• The Cerri Defendants put forward certain emails, which they said they had received from a certain third party and upon which they relied to exonerate themselves of the fraud.
  • However, the Court accepted that each of these emails was ‘spoofed’, meaning that they had been created by using a website which will produce and send an email to any addressee with the (false) appearance of having been sent from a genuine email account.
  • By way of answer, Mr Cerri asserted in evidence that he did not know at the time that the emails he had received were spoofed.
  • The Claimant, though, demonstrated to the satisfaction of the Court that this assertion was not true, since two of the spoofed emails received by Mr Cerri were purportedly sent as replies to emails sent by Mr Cerri to the genuine holder of the relevant email account. That could not have been the case, which meant that the outgoing emails must have been manufactured.
  • The evidence of rapid dissipation of the ‘stolen’ money weighed heavily with the court and was held not to be susceptible of an innocent explanation that was anything but fanciful.
  • The Court held that it was “…striking…” that whilst the Cerri Defendants had put forward a list of predominantly technical issues that they said they wished to investigate and evidence at trial, there had been “… scope for action on many of these points before now…”, whereas there had been no action at all on any of these matters to date. Particular criticism was levelled at the failure by Mr Cerri to produce native copies of emails, to get evidence from third parties, to get his own documents from storage or WhatsApp or to put forward evidence about the spoofing website.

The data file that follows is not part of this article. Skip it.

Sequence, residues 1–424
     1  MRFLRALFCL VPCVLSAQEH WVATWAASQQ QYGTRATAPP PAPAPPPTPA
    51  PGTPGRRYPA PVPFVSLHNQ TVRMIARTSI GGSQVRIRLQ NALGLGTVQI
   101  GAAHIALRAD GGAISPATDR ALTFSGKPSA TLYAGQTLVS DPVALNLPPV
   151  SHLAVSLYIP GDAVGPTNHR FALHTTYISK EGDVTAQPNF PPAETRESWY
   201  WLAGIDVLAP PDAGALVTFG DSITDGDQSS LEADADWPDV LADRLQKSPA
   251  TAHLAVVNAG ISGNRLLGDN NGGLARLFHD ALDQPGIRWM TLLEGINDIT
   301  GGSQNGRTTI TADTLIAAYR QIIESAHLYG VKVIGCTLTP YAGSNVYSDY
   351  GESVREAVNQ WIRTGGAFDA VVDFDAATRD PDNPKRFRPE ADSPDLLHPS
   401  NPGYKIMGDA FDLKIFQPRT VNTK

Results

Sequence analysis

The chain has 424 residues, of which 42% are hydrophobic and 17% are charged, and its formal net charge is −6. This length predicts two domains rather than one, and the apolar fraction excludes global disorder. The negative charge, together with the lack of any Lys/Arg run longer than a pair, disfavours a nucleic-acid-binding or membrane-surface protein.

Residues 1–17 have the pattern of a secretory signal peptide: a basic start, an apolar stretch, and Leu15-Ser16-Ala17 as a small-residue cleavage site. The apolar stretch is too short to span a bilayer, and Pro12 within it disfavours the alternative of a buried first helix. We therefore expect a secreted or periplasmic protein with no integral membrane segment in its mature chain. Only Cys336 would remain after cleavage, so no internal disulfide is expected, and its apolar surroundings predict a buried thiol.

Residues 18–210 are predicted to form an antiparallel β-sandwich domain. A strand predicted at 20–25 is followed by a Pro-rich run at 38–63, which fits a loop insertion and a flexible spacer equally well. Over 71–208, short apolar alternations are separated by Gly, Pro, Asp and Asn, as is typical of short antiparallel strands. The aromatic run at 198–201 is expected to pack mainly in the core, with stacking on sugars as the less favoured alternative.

• In an interesting passage of the judgment, the Judge discusses the approach to be taken by the court when considering a number of evidential factors put forward by a Claimant on an application for summary judgment in a dishonesty case, some of which were sufficient in themselves to warrant an award of summary judgment, whilst others were extremely close. On the facts of this case, the judge held that “…there is extra weight lent by the accumulation…” of the primary and the additional points.


The judgment demonstrates that it is possible to obtain summary judgment, even in a hotly contested fraud case.

There was a perhaps pleasing resort to the use of forensic technical analysis and the assistance lent by the highly-developed injunctive and disclosure regimes of the Commercial Court to secure judgment against the perpetrators and beneficiaries of a fraud which had been committed by the use of technology.


In AB v The Family Officer Ltd & others, the Claimant was represented at the summary judgment hearing and throughout the action by Philip Hinks of 3VB, led by Paul Lowenstein QC of Twenty Essex. They were instructed by Tony Lewis, Nathan Capone and a team at Fieldfisher. Sarah Tresman of Twenty Essex was also instructed at earlier stages.

Philip Hinks and Paul Lowenstein QC, with other counsel, also represented the Claimant in the leading ‘Persons Unknown’ freezing injunction and cyber-fraud case of CMOC Sales & Marketing Ltd v Persons Unknown and 30 others [2018] EWHC 2230 (Comm); [2019] Lloyd’s Rep. F.C. 62.